Irritable Bowel Syndrome (IBS)
Irritable bowel syndrome (IBS) is a common and debilitating condition that significantly affects the patient’s quality of life. IBS presents with a cluster of gut symptoms, most commonly abdominal pain with either constipation and/or diarrhoea. Other symptoms include bloating and flatulence, with these symptoms varying in frequency and severity between individuals and in the same individual at different points of time.
Key components in IBS include 1) dysbiosis (imbalance of gut flora), 2) hypersensitivity of the enteric nervous system (the ‘gut brain’), 3) a major dietary link (this is examined by food exclusion trials), and 4) intestinal epithelial barrier defect (‘leaky gut’). Due to the many factors often involved in IBS, a holistic approach is required for lasting results, including diet, lifestyle, and digestive support strategies.
Major factors contributing to IBS include:
- In some cases, eating specific foods, including wheat, dairy products, or citrus fruits
- In some cases, alcohol or caffeine
- Familial predisposition (genetics, age, gender)
- Unresolved pathogenic infection
- Certain drugs (e.g. NSAID’s) can alter the bowel’s normal motility
- Hormones – menstruation frequently triggers or exacerbates IBS symptoms, while pregnancy and menopause tend to improve symptoms. Hormone replacement therapy is associated with an increased risk of developing IBS.
Signs and symptoms of IBS are:
- Abnormal stool frequency (“abnormal” may be defined as > 3 bowel movements per day and < 3 bowel movements per week)
- Abnormal stool form (lumpy/hard or loose/watery stool)
- Abnormal stool passage (straining, urgency, or feeling of incomplete evacuation)
- Passage of mucous
- Bloating or feeling of abdominal distension
- Straining during a bowel movement
- Urgency (having to rush to have a bowel movement)
- The feeling of incomplete bowel movement
- Abdominal pain and/or discomfort relieved by defaecating
- Changes in bowel habits
- Diarrhoea or constipation, or both alternately
- Need for bowel movement immediately on waking or after eating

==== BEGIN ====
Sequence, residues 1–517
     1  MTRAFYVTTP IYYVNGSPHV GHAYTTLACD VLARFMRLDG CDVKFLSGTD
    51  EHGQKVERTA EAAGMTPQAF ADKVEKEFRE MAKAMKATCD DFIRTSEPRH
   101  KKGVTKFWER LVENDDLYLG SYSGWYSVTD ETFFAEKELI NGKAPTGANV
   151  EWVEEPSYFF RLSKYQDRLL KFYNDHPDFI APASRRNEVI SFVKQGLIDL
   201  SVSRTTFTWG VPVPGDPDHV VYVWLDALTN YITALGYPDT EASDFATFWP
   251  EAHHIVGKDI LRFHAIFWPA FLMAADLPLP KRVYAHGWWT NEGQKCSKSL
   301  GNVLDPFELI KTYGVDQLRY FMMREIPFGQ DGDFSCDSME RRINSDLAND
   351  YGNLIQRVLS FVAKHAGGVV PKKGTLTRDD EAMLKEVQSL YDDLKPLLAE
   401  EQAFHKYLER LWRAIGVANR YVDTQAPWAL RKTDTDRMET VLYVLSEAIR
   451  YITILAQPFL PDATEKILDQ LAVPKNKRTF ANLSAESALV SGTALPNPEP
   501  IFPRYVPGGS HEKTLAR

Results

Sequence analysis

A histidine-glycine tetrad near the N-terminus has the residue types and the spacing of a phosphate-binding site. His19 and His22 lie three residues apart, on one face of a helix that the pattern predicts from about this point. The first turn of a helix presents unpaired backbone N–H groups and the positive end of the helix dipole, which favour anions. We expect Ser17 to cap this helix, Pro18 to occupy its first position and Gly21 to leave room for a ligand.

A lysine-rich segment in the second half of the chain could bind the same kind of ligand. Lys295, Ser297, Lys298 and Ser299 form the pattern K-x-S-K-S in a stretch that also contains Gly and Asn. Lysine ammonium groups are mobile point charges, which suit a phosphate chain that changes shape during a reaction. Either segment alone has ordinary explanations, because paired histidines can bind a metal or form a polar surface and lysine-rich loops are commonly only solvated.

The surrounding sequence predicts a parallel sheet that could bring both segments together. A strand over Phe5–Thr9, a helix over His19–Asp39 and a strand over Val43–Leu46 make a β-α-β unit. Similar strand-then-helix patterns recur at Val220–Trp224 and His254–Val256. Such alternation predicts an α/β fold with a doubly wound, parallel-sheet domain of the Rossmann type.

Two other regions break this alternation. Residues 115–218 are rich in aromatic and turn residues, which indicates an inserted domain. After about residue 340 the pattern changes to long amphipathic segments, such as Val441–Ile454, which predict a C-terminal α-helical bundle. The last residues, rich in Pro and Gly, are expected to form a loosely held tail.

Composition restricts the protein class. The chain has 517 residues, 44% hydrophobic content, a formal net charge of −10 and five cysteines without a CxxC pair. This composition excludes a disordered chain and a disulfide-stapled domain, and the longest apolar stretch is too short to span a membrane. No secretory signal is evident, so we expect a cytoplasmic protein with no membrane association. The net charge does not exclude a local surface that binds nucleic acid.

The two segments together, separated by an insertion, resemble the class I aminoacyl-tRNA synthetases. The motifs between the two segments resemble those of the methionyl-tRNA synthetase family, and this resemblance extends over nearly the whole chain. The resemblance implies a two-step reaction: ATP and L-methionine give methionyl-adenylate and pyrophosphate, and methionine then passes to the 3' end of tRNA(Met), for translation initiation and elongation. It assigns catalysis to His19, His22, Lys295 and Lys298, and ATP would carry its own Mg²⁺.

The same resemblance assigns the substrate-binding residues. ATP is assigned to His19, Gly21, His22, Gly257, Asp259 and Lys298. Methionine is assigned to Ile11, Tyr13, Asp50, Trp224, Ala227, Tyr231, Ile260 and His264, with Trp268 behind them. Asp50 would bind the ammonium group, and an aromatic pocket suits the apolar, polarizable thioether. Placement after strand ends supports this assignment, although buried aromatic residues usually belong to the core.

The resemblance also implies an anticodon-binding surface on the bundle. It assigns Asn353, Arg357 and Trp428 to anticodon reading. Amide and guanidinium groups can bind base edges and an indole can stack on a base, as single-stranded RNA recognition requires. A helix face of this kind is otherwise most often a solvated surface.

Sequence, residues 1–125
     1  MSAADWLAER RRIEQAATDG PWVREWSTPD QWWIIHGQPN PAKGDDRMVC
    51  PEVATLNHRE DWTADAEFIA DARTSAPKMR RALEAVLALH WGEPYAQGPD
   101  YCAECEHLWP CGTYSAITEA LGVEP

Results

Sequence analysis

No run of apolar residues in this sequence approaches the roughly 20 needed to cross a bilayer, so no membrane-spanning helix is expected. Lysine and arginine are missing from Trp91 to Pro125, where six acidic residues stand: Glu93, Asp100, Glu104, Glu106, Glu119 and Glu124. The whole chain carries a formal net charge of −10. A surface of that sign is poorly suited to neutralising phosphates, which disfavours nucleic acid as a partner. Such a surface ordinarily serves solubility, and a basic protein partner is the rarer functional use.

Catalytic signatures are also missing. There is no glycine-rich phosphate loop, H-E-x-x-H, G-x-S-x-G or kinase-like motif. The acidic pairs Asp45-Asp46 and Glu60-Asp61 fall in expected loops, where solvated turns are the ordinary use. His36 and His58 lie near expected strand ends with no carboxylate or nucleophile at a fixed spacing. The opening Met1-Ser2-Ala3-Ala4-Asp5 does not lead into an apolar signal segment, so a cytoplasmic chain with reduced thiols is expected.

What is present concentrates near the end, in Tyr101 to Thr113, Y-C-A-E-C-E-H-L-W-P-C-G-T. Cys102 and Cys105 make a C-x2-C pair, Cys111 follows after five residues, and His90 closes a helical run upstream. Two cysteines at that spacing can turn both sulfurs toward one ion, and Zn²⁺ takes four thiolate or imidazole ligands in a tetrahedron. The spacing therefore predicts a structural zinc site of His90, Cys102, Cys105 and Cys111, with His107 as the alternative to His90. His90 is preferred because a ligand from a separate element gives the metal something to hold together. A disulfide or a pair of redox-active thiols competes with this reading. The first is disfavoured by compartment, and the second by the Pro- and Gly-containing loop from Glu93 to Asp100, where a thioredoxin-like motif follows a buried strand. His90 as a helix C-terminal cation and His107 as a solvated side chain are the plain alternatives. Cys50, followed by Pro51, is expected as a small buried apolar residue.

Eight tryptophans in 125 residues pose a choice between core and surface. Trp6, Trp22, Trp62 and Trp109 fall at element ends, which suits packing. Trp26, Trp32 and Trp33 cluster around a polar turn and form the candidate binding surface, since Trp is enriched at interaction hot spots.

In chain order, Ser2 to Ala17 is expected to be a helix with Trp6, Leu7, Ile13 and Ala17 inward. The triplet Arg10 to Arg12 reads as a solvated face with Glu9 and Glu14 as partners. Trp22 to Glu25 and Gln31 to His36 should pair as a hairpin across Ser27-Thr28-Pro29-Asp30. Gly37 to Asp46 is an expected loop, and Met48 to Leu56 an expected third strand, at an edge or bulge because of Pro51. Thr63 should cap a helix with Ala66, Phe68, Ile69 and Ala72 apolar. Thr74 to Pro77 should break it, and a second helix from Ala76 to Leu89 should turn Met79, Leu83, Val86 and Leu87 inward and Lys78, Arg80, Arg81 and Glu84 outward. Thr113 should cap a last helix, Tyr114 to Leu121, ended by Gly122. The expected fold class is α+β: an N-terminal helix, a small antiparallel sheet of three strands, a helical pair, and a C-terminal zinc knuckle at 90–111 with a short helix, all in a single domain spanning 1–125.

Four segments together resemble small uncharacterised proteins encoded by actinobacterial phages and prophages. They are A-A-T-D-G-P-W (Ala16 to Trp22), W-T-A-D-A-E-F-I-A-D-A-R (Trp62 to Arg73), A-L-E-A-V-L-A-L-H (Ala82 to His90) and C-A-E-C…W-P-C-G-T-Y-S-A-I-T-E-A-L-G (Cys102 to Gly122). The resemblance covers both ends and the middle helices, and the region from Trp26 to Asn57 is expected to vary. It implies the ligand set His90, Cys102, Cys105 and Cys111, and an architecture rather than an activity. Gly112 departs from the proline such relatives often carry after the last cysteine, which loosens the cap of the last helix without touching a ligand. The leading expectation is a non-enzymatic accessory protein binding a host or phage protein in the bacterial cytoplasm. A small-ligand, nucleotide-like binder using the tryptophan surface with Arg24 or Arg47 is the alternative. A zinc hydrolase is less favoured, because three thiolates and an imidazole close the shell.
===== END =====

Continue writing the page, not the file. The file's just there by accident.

Note: If you suspect you have IBS but have not been diagnosed, it is important to see a Medical Practitioner rule out other possible causes of your symptoms. IBS-like symptoms can also occur from time to time in patients without the complete syndrome.
Treatment for IBS
IBS is a chronic condition with a range of possible triggers. These triggers can include stress, specific foods, dysbiosis, medications and others. Depending on the cause it may be cured (e.g. dysbiosis), but otherwise it can be managed once the individual understands their triggers and develops strategies to manage them.
In cases where a pathogenic infection has preceded IBS (e.g. travellers diarrhoea, giardia) Jodie takes specific steps to address the biofilms* that can develop in those who suffer from IBS related to past infections.
Herbal Medicines, Diet and Lifestyle play an important role in recovery.
- Herbal Medicines (most have multiple actions and Jodie chooses herbs that are beneficial to other health conditions you may have): Chamomile, Marshmallow, Slippery Elm, Berberine herbs (Barberry, Golden Seal, Phellodendron), Garlic, Turmeric, Dandelion, Gentian, Cinnamon, Thyme and others
- Nutrients: B Vitamins, Magnesium, Glutamine, Vitamin D3, Zinc, Vitamin C, NAC and others
- Probiotics: L. Plantarum (299v), Lactobacillus rhamnosus GG (LGG), L. paracasei (LP-33), Bifidobacterium lactis (BB-12) and others
- Binders (for endotoxins if relevant): Charcoal, diatomaceous earth, pectin, high tannin teas
- Diet: Anti-inflammatory diet, Low FODMAP diet**, Identify food intolerances, low alcohol and caffeine, minimise processed foods
- Lifestyle factors: Stress is a common trigger in IBS and strategies such as exercise, relaxation techniques, improving quality of sleep and adequate rest time can all help to ease the severity of symptoms.
* Bacteria are capable of adapting to avoid (and hide) from our immune system. They can form biofilms which effectively ‘shield’ them from our immune system. In chronic health conditions, breaking down biofilms is a key strategy in supporting the body to recover and heal.
* *A low FODMAP diet is a short term strategy for reducing symptoms (and inflammation). Once recovered from IBS, returning nutritious, well-tolerated high FODMAP foods to the diet is important to gain benefit from their pre-biotic actions (they provide fuel for your good gut bugs!)